sheer (adjective, adverb, verb) /ʃɪr/ LISTEN
When we say something is sheer, we mean that it’s so thin that it looks almost transparent. Sheer also means ‘absolute’ or ‘utter‘ and ‘extending up or down very steeply.’ As an adverb, it means ‘vertically’ or ‘steeply,’ but also ‘quite’ or ‘completely.’ An unrelated verb meaning is ‘to move away from a course,’ and it’s used in particular as a nautical term.
- Philippa prefers sheer tights to opaque ones.
- You want to hike across the Australian outback alone and you're only taking one bottle of water; that's sheer madness.
- Brad looked up at the sheer cliff face and knew he would never be able to climb it.
- The stone dropped sheer to the bottom of the cliff.
- Helena vaulted sheer over the gate.
- The boat sheered to port.
In pop culture
“Sheer Heart Attack” is a song by Queen and was released on their 1977 album, News of the World. You can listen to the song here:
You may think it would have been more logical for this song to appear on the album Sheer Heart Attack, released in 1974. It was originally written for that album, but, for various reasons, ended up not being included. The most famous song from that album was probably “Killer Queen,” which you can listen to here:
Did you know?
In Persian, sheer means ‘milk’ and sheer khurma or sheer khorma is a dessert prepared by people in Afghanistan, India, Pakistan, Bangladesh, and parts of Central Asia. If you feel like testing your cooking skills at the same time as your English skills, see this recipe in English.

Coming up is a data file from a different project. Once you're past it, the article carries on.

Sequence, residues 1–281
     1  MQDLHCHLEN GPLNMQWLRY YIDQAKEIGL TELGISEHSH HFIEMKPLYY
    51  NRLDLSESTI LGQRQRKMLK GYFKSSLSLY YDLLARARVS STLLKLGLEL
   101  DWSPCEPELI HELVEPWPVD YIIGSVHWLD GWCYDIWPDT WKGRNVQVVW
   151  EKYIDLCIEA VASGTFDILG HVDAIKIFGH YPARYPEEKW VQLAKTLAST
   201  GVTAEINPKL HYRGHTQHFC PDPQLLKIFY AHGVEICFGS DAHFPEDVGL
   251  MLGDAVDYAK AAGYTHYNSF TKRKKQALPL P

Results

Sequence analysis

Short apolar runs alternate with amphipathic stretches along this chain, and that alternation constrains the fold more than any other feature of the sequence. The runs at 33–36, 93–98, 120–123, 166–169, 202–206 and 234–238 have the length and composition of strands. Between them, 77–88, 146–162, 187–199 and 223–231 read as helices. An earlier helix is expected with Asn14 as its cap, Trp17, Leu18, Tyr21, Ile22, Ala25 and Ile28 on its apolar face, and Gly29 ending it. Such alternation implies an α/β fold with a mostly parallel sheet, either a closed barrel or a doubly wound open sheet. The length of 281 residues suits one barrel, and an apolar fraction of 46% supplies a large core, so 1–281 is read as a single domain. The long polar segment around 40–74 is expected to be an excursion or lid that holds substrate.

Sheer dates back to the late 13th century. The Old English adjective scīr (clear, pure, or thin) became the Middle English scere, shere or schere, and the meaning widened to ‘free,’ ‘clear,’ ‘bright,’ and ‘thin’ as the initial “sk” sound became “sh.” It comes from the Old Norse skǣrr, which can be traced back to the Proto-Germanic root skeran- and the Proto-Indo-European root (s)ker-, meaning ‘to cut.’ It is related to the German schier, the Old Norse skīr, and the Gothic skeirs, all meaning ‘clear.’ It shares its origin with another English word: shine. The meaning of ‘absolute,’ ‘utter’ was first used in the late 16th century, but the adjective only came to mean ‘very steep’ around the year 1800. The adverb comes from the verb. The verb sheer, meaning ‘to deviate from course,’ dates back to the early 17th century, and probably comes from the Dutch scheren (to move aside), even though it shares its original roots with the adjective. The noun with the same meaning comes from the verb and was first used in the mid-17th century.